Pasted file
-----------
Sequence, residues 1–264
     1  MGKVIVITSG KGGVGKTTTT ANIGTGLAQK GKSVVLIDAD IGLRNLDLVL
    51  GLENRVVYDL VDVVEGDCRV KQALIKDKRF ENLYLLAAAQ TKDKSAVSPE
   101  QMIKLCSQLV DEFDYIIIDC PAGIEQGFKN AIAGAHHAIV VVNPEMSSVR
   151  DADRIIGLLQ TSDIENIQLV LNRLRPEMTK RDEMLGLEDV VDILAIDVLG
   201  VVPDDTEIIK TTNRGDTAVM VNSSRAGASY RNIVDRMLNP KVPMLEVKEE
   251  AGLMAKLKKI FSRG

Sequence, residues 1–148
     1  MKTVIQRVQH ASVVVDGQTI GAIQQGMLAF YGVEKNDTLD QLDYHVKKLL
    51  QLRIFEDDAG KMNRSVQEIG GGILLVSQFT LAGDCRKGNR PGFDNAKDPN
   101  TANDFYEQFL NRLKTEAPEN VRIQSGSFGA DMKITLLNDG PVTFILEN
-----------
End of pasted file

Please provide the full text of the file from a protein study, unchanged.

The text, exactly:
Sequence, residues 1–264
     1  MGKVIVITSG KGGVGKTTTT ANIGTGLAQK GKSVVLIDAD IGLRNLDLVL
    51  GLENRVVYDL VDVVEGDCRV KQALIKDKRF ENLYLLAAAQ TKDKSAVSPE
   101  QMIKLCSQLV DEFDYIIIDC PAGIEQGFKN AIAGAHHAIV VVNPEMSSVR
   151  DADRIIGLLQ TSDIENIQLV LNRLRPEMTK RDEMLGLEDV VDILAIDVLG
   201  VVPDDTEIIK TTNRGDTAVM VNSSRAGASY RNIVDRMLNP KVPMLEVKEE
   251  AGLMAKLKKI FSRG

Sequence, residues 1–148
     1  MKTVIQRVQH ASVVVDGQTI GAIQQGMLAF YGVEKNDTLD QLDYHVKKLL
    51  QLRIFEDDAG KMNRSVQEIG GGILLVSQFT LAGDCRKGNR PGFDNAKDPN
   101  TANDFYEQFL NRLKTEAPEN VRIQSGSFGA DMKITLLNDG PVTFILEN